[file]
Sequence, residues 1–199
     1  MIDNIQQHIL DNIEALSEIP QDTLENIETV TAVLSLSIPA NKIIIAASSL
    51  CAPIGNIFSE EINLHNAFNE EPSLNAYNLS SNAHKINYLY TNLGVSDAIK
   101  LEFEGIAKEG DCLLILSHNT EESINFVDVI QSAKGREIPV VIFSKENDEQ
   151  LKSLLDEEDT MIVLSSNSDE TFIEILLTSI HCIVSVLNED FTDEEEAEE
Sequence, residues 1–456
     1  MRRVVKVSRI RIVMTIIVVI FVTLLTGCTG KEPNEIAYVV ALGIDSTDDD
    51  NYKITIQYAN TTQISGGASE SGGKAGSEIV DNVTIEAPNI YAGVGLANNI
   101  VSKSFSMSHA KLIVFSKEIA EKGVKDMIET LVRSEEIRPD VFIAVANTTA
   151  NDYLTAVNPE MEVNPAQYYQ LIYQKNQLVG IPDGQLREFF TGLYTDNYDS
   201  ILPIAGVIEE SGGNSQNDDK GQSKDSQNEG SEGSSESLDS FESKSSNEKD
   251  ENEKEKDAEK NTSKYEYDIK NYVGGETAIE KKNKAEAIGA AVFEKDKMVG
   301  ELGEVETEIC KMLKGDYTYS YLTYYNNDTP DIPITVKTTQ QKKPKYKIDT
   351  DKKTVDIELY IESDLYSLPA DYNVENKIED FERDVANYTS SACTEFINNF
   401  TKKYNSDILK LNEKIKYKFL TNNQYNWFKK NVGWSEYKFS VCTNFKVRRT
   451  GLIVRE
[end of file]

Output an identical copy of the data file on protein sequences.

Sequence, residues 1–199
     1  MIDNIQQHIL DNIEALSEIP QDTLENIETV TAVLSLSIPA NKIIIAASSL
    51  CAPIGNIFSE EINLHNAFNE EPSLNAYNLS SNAHKINYLY TNLGVSDAIK
   101  LEFEGIAKEG DCLLILSHNT EESINFVDVI QSAKGREIPV VIFSKENDEQ
   151  LKSLLDEEDT MIVLSSNSDE TFIEILLTSI HCIVSVLNED FTDEEEAEE
Sequence, residues 1–456
     1  MRRVVKVSRI RIVMTIIVVI FVTLLTGCTG KEPNEIAYVV ALGIDSTDDD
    51  NYKITIQYAN TTQISGGASE SGGKAGSEIV DNVTIEAPNI YAGVGLANNI
   101  VSKSFSMSHA KLIVFSKEIA EKGVKDMIET LVRSEEIRPD VFIAVANTTA
   151  NDYLTAVNPE MEVNPAQYYQ LIYQKNQLVG IPDGQLREFF TGLYTDNYDS
   201  ILPIAGVIEE SGGNSQNDDK GQSKDSQNEG SEGSSESLDS FESKSSNEKD
   251  ENEKEKDAEK NTSKYEYDIK NYVGGETAIE KKNKAEAIGA AVFEKDKMVG
   301  ELGEVETEIC KMLKGDYTYS YLTYYNNDTP DIPITVKTTQ QKKPKYKIDT
   351  DKKTVDIELY IESDLYSLPA DYNVENKIED FERDVANYTS SACTEFINNF
   401  TKKYNSDILK LNEKIKYKFL TNNQYNWFKK NVGWSEYKFS VCTNFKVRRT
   451  GLIVRE